And either way, stay warm, and stay cuddle-hungry.

Children Riding a Sled in the Snow, Cuddled Together

We hope this image inspires you to achieve cuddling excellence.

Today’s post was scheduled to discuss the physiological benefits of the “cuddle hormone,” oxytocin—our raison d’être. But when a friend linked us the call for Occupy Portland’s “MARCH to Occupy Pearl District,” scheduled for tomorrow, we realized that transmitting another idea of ours might be more useful.

Occupy Portland Rally Poster

100% of people should cuddle, but we'd settle for 99%.

You see, he quoted one part of the post specifically:

Camp Meeting starts at 4:00 PM, with a Potluck at 7:00 PM, and a CUDDLE PARTY at 10:00 PM. We plan on staying the entire night. {Caps ours.}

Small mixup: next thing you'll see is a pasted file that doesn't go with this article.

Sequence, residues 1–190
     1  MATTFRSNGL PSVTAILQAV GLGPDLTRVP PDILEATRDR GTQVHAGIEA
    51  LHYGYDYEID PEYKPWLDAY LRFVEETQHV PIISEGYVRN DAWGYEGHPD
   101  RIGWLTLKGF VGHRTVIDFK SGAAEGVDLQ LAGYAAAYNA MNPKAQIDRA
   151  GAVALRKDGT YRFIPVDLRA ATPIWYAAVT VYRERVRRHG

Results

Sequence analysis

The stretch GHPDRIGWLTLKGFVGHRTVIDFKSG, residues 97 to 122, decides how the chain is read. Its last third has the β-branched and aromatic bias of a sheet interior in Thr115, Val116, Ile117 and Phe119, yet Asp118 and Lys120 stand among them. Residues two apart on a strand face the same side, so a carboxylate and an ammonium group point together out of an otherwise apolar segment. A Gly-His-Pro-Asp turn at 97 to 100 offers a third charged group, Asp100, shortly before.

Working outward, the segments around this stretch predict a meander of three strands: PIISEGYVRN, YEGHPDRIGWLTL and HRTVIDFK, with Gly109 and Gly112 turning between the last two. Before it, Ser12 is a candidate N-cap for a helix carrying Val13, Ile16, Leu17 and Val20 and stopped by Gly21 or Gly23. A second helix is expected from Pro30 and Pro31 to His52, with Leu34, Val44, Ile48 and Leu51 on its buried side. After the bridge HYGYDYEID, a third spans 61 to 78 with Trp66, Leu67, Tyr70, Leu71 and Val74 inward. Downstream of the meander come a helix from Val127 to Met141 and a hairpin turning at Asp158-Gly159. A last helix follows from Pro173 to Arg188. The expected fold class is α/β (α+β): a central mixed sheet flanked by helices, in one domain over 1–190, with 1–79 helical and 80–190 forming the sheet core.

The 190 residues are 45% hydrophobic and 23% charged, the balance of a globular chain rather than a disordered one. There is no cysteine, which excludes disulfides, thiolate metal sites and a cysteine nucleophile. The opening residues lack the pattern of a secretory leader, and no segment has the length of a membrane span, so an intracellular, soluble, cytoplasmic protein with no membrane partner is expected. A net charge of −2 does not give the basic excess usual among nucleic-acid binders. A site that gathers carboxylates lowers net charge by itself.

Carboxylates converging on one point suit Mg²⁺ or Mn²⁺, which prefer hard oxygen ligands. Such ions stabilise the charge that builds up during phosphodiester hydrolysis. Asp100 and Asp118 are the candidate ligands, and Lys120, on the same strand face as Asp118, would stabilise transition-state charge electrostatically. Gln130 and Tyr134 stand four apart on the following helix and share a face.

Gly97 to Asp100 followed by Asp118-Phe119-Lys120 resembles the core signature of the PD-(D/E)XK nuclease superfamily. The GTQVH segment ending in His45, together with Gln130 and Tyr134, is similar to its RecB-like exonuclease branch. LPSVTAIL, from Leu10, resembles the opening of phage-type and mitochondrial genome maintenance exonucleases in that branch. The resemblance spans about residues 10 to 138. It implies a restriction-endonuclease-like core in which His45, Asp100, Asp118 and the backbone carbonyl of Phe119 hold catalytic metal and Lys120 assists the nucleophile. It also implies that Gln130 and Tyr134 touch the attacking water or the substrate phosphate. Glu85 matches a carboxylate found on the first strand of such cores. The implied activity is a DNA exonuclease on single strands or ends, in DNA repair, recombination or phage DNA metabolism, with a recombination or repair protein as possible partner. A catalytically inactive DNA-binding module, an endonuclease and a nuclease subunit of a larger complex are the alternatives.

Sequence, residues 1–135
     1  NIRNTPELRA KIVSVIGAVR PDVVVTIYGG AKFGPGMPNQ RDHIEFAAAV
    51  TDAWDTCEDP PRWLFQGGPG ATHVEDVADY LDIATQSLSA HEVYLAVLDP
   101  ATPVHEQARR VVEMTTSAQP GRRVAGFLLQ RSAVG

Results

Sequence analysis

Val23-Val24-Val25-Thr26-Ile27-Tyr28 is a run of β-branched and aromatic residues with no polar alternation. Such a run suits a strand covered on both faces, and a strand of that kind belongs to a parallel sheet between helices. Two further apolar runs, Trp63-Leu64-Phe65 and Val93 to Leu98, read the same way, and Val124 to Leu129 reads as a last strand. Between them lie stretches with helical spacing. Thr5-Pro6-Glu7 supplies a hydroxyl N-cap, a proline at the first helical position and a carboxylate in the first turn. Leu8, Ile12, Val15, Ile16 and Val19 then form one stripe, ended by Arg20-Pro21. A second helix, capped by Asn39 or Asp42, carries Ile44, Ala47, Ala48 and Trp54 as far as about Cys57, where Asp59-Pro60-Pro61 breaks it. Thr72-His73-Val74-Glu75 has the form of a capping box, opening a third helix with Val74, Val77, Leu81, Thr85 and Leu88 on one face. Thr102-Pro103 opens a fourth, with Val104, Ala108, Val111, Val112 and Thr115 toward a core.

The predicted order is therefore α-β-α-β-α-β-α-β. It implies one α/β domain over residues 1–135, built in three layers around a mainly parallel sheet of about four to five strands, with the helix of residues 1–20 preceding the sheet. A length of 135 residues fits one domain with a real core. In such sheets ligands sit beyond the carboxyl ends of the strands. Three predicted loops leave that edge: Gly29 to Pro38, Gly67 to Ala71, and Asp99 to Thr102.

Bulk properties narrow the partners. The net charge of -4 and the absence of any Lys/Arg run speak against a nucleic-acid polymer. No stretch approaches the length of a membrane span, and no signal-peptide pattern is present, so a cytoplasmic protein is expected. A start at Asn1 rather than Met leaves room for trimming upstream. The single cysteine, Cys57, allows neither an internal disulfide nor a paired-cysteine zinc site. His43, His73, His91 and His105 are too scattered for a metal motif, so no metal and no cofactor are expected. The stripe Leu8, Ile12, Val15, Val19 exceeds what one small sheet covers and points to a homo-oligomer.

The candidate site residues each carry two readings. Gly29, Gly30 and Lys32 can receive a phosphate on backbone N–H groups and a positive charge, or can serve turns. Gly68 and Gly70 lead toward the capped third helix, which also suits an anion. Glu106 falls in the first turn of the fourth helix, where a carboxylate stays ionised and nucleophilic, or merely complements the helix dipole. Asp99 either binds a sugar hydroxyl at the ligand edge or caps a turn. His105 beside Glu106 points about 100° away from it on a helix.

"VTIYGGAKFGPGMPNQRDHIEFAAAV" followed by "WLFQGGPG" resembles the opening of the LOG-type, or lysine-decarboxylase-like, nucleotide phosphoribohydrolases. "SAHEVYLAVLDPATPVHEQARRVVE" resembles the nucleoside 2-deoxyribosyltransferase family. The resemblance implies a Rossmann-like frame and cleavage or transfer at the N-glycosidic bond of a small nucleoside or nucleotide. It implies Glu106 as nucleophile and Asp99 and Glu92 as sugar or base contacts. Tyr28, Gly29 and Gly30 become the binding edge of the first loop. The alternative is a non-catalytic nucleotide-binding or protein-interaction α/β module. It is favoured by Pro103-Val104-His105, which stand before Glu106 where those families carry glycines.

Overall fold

Including a cuddle party in this event is a great idea precisely because of oxytocin. Released by social touch, the hormone will help to bond the protesters together, as well as increase their contentment and reduce any anxiety associated with their actions. Considering that the protesters are already convinced of this, however, we felt that it would be more useful to discuss the physical act of cuddling en masse—and the pitfalls and benefits associated with it.

Continue reading